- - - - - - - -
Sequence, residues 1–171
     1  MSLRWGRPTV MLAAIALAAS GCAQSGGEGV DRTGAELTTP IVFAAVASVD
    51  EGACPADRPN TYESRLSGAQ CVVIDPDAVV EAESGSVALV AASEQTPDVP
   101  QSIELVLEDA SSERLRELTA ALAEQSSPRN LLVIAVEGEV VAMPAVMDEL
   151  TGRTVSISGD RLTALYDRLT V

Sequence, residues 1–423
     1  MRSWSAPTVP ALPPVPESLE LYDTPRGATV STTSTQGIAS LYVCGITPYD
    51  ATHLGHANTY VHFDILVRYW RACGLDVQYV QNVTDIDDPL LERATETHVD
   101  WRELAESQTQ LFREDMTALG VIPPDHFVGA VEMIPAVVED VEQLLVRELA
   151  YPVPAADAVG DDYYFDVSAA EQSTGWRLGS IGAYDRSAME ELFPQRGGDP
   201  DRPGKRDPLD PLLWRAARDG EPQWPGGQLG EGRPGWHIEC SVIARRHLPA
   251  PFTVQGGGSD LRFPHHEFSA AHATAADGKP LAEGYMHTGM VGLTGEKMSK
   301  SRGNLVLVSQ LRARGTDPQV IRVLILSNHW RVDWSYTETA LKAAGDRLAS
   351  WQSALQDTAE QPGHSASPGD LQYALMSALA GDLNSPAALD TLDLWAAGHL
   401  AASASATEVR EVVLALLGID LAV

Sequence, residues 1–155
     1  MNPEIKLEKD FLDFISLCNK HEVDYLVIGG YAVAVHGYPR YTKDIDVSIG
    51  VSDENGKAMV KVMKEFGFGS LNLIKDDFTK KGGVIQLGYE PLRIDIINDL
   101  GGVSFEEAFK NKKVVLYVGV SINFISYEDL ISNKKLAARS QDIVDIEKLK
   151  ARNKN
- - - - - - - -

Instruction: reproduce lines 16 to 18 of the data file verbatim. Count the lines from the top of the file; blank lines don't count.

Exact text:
Sequence, residues 1–155
     1  MNPEIKLEKD FLDFISLCNK HEVDYLVIGG YAVAVHGYPR YTKDIDVSIG
    51  VSDENGKAMV KVMKEFGFGS LNLIKDDFTK KGGVIQLGYE PLRIDIINDL